Roy Pollack, an SDM columnist and ESA representative on the NFPA technical committee, said before the vote, “I will be attending the NFPA technical committee session in Las Vegas and casting my vote against the CAM. I personally have experience in the fire service, the alarm industry and on several industry committees and do not feel that the way the CAM is written is in the best interest of anyone but a select few. While I understand and agree with the underlying issue, I believe that the proposed language is poorly written, in the wrong place and does not address other sections of the code, thereby potentially causing confusion and conflict. The issue needs to be thoroughly discussed and reviewed by both the ESA and TMA and a comprehensive public comment submitted during the next cycle of the code for consideration.”
While ESA is taking a more neutral approach, attempting to educate the industry about the issue, TMA has been open in its support of changing the language to the CAM.
According to TMA, it was involved in an effort to overturn the NFPA language in 2016 when it was first modified to include the controversial language, but it was unsuccessful. TMA supports changing the language this year, fearing that the language as it stood before the vote would have caused alarm companies to be subject to a loss of customers because fire departments will commence monitoring themselves.
“What is happening,” said Jay Hauhn, executive director, TMA, “is that municipalities are not allowing NRTL-listed central stations to monitor fire alarms, and yet they allow the use of something called remote station. The standards to be a remote station are incredibly lax.”
“Where permitted by the authority having jurisdiction” language in the code, Hauhn said, “is very common. However, using it to block an entire class of service is unprecedented, inappropriate and makes it easier for municipalities to prohibit NRTL-listed central stations from monitoring fire alarms. We’ve been monitoring fire systems safely and effectively for 100 years.”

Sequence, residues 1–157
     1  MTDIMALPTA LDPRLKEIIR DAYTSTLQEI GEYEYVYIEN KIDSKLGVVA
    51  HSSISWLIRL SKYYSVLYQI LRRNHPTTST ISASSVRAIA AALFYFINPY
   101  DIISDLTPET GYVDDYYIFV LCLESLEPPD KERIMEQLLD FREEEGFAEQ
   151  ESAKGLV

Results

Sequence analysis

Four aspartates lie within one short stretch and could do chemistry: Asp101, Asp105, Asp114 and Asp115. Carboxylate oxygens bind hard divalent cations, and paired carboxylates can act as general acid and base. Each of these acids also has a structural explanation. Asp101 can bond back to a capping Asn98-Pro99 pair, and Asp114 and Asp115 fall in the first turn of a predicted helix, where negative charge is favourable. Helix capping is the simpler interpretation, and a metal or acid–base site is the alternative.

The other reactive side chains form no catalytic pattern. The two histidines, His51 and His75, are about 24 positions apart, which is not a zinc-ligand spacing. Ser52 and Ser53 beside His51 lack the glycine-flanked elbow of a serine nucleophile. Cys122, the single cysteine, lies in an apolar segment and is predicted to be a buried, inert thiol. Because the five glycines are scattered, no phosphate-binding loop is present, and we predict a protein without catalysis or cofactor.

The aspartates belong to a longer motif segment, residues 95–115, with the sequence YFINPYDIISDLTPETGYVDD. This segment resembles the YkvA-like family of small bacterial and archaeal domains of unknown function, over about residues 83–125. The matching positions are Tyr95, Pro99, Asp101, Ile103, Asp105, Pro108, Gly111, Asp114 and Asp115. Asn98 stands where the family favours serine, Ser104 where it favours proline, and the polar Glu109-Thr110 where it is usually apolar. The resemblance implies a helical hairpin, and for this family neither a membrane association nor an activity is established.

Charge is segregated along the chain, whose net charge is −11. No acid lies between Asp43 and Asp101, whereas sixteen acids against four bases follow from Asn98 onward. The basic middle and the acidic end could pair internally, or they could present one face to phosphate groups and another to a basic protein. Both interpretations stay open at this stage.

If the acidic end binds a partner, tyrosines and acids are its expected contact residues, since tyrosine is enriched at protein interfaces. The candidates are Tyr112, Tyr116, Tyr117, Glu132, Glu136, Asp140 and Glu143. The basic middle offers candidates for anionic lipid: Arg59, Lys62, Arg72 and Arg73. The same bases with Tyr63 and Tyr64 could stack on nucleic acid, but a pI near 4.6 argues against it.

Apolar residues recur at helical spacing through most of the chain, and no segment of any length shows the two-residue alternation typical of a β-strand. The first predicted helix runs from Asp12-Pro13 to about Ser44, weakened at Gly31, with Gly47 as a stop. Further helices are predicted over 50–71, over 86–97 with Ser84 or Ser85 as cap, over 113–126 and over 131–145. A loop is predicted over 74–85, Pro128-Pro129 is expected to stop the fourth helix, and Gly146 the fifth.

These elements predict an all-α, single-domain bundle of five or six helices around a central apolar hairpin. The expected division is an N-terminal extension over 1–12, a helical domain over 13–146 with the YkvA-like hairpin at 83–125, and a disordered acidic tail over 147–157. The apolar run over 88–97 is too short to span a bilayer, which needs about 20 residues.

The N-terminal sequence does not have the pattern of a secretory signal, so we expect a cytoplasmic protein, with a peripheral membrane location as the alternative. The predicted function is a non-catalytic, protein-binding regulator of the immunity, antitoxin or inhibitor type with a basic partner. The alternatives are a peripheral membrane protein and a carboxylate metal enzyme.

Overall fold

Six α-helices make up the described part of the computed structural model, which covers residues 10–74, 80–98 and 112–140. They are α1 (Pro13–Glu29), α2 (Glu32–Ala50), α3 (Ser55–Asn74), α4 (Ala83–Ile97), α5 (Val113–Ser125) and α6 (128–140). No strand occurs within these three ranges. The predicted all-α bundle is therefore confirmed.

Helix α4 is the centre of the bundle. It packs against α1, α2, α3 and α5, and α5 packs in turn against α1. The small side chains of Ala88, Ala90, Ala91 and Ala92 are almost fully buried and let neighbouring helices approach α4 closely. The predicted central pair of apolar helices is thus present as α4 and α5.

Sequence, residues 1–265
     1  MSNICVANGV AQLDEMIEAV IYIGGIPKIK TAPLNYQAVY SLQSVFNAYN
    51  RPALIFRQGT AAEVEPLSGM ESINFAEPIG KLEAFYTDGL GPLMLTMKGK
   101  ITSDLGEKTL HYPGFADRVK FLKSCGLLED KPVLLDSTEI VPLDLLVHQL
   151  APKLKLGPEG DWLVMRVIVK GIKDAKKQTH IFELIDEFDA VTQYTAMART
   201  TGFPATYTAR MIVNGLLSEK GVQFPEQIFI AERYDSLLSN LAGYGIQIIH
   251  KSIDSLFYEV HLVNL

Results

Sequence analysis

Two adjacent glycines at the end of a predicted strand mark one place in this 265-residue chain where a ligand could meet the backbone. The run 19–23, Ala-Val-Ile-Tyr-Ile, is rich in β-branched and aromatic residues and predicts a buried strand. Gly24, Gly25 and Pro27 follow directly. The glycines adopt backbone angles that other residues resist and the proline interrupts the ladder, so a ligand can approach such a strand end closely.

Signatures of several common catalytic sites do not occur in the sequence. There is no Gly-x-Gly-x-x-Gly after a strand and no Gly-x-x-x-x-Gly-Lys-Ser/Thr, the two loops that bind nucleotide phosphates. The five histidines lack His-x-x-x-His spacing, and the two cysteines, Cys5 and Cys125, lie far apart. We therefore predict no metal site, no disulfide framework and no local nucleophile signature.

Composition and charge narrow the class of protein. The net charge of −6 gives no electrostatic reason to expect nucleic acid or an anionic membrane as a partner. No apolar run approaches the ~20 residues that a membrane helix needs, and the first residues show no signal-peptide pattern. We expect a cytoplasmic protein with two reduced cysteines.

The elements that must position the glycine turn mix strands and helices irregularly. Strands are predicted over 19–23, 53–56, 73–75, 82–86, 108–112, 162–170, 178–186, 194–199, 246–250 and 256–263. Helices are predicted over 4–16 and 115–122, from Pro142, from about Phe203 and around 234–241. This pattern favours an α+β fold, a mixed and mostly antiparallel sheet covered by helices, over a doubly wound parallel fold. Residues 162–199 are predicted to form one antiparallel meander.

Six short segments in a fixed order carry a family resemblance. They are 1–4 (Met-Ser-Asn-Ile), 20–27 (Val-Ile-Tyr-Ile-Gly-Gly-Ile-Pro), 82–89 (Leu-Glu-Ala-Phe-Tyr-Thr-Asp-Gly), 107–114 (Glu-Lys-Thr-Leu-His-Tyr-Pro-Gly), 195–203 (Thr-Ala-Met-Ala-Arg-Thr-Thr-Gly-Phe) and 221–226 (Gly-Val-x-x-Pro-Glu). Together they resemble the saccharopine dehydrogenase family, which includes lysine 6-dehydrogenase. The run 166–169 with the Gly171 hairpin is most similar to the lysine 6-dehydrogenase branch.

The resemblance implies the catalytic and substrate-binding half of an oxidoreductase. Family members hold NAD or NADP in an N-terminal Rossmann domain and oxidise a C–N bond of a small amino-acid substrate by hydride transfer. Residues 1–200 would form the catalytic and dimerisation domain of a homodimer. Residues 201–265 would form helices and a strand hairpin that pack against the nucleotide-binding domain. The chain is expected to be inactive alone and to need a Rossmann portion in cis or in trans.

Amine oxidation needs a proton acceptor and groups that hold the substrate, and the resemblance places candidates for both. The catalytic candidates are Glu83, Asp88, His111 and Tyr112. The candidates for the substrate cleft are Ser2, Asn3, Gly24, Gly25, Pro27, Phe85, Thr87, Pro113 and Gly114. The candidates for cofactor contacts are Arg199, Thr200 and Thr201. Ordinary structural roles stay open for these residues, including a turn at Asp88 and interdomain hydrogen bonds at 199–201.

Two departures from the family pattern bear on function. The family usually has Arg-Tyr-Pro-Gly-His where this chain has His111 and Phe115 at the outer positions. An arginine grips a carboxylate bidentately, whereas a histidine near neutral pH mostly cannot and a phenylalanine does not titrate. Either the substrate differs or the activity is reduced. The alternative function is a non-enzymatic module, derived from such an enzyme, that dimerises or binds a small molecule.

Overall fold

Before the vote, Hauhn said this proposed change to strike out AHJ language was being spun by opponents as usurping AHJ authority, but contends that the proposed change “takes unfair language out of the fire code, given the way it was being used.”
Following the vote, Hauhn told SDM that this vote goes a long way in protecting a consumer’s right to select a NRTL-listed central station of their choice. “Many municipalities will still write their own fire code that will counteract the action we just took with NFPA 72 — municipalities are allowed to pass their own fire ordinances in many states,” he said. “In other states, a municipality cannot write a fire code that conflicts with the code at the state level; so in those municipalities where the state levels are overriding, it means a lot. When a municipality does consider enacting an ordinance that takes away the rights of consumers to use a NRTL-listed facility, we will review it and hopefully work with the municipality to implement a fair ordinance.”
Hauhn said TMA would contest that when it happens.
“This is not an affront to the fire services,” Hauhn added. “The entire monitoring industry, everybody in the fire protection business, totally respects what those in public safety and the fire services do to protect the community. This was simply an action to do away with an inequity and make things fair.”